Game People Calling: Alan Wake, the People Have Spoken


It’s been a revelation being part of The Escapist because it’s a place where everybody can have their say. Staffers, columnists, readers – we’re all offered the same platform. This sort of community rule is much more unusual that you might expect, especially in hardcore gaming internet land.

Rather than introducing a new writer I thought I’d share a range of opinions on Alan Wake. Here are the opening and closing paragraphs from seven different perspectives.

Mark’s Story Gamer review:

Alan Wake is a linear but beautifully executed horror thriller with a real sense of place and tremendous atmosphere. The plot may be hokey, but Alan’s headlong flight through the dark is an unforgettable gaming experience …

The sense of a wilderness that you can get lost in may be largely illusory. The game is actually fairly linear, albeit disguised by the width of the environments through which you are subtly channeled – but that sense of being lost in a bad bad place, that sense of heart-in-mouth tension as I dashed for the light is something special.
Played at night, in a quiet house, with the lights down low, Alan Wake is a strikingly atmospheric game.

You won’t necessarily want to play it after dark – but you should.

Adam’s Soulful Gamer review:

Alan Wake took its time, and the quality is telling. But, for all you know about the game’s mechanics, it’s not until you look it in the eye first hand that you appreciate what makes it quite so exciting …

Alan Wake is an unusual game for a few reasons, but the most impressive is that Remedy has taken its time to get this right. I’m looking forward to playing the additional download content that has been promised, as well as a second full episode after that. I simply what some more reasons to spent time back in Bright Falls.

Dom’s Perpetual Gamer review:

Alan Wake gets the light and dark gunplay right before worrying about the fear factor. And it is the jubilation of shooting fun that stayed with me more than the zombies …

It is a good game. But as well as a recommendation, I’d also suggest you take your time with the first play through, because it’s a game you can also only really play properly one time. You will most likely play it more than once – but that first time is the real charm of the thing.

Dark and light, impressive writing and an intricately planned experience make Alan Wake much better than I thought it might have been.

Alex’s Scared Gamer review:

Alan Wake works because it feeds our shared fear of the dark. Rather than cheap shocks, this is a creeping, insipid horror, and I enjoyed every moment of it. Suspense, foreshadowing and lighting are all expertly used to create an inescapably dark atmosphere …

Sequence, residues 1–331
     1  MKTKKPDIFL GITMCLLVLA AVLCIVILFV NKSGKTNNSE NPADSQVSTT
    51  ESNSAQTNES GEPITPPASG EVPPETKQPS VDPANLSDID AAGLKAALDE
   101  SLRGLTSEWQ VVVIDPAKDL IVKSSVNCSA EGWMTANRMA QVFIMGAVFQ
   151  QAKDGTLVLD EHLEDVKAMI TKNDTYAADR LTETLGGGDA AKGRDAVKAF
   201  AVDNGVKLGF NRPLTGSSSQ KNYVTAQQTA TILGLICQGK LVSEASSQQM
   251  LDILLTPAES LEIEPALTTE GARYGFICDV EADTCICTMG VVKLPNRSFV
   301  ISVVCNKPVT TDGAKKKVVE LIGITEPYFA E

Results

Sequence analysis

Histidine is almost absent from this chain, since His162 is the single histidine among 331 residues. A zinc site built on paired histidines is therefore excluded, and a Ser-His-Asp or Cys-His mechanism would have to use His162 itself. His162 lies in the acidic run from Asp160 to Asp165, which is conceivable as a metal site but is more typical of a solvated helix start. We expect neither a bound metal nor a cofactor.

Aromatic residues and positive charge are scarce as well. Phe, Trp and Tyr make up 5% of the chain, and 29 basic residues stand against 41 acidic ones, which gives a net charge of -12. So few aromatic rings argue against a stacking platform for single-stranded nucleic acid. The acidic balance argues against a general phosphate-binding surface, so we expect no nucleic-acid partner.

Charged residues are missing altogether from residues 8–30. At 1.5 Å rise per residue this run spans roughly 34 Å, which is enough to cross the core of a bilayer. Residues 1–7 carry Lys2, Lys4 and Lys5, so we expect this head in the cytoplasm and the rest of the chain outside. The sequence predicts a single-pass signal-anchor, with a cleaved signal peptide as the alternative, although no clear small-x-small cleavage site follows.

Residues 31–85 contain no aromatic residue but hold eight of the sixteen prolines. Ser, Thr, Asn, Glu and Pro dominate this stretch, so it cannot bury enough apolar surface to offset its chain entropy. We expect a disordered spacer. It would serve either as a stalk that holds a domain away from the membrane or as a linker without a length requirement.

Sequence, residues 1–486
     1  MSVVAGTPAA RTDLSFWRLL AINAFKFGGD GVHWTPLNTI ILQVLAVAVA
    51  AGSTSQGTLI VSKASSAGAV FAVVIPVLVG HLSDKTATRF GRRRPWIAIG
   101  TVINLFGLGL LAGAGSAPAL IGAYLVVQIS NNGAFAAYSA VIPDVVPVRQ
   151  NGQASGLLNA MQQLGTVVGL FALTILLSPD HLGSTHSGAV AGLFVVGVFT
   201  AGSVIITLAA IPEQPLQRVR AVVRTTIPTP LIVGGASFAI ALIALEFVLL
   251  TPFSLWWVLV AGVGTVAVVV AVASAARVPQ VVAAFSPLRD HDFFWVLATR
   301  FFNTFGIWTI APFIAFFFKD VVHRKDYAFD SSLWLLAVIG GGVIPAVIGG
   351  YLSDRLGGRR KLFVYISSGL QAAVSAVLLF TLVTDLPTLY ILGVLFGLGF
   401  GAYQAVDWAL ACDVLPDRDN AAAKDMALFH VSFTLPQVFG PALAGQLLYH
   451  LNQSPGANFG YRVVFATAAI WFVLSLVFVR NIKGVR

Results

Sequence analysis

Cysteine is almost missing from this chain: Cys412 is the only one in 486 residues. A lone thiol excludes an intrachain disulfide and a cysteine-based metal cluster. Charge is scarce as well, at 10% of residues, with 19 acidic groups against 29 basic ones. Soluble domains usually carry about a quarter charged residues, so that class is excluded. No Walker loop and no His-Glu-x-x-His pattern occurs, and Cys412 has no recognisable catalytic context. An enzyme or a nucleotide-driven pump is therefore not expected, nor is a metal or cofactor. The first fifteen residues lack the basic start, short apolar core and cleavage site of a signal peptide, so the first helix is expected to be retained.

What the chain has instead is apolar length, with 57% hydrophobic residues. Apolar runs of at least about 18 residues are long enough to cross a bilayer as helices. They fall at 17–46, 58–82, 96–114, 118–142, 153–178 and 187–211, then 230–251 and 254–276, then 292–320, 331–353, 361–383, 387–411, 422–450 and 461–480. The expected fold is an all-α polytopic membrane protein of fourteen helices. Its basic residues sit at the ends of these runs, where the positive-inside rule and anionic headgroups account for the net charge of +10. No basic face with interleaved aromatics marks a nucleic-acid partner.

Alan Wake is the horror game of a generation. It may not be the scariest, but its haunting use of relatable fears we all harbor leaves an impression more lasting than its peers. It created an experience that locked my attention. And for the entirety of the week, I was unable to escape.

Sinan’s Returning Gamer review:

Alan Wake could have been all-important for the Xbox 360. But falling short of expectations, it’s a game as waylaid as me, while still provided an old-fashioned thrill.

Coming away from it, I knew it could have been so much more, possibly even one of this generation’s most important games. Maybe that will happen in due course, but this first outing is not nearly on par with Twin Peaks. It was worth the wait, but in the waiting I had dreamed this into a much better game.

Jen’s Considered Gamer review:

Alan Wake wants to be emotive and psychological. It constantly barraged me with smug references to other works of fiction in the hope that I would compare the two favorably. But in the end this is fun to play, but by no means unsettled me as a person.

Solely as a game, Alan Wake is enjoyable. It offers some terrific moments to participate in. But as an emotive experience, it’s severely lacking. It’s too clichéd to offer any real surprises. Throwing someone into a peculiar, confusing world should be a terrifying experience, yet Alan Wake turns this into something mundane and a little shallow.

Catherine’s Soundtrack Gamer review:

Alan Wake has a soundtrack that mixes alt-rock, psychedelia and pulp-twang with Petri Alanko’s haunting orchestral landscapes. Although more noticeably uneven than when in game, it actually creates a more pleasurable and less earnest listen …

Like the game, that started with open world ambitions, the soundtrack dials things down sensibly. It’s when it revels in the TV genre, rather than trying to be too filmic, that the album really delivers. When it does, it has the sound of a series that will be around for some time to come.

What do you think? As with any community it’s not about agreeing or disagreeing with everyone, but that your voice is heard. Perhaps there was an opinion there you could get on board with, or maybe they have all missed the point for you. Either way – and here’s the genius of our wonderful internet communities – you can add your perspective right here.

Game People is a rag tag bunch of artisans creating awesomely bizarre reviews from across the pond.

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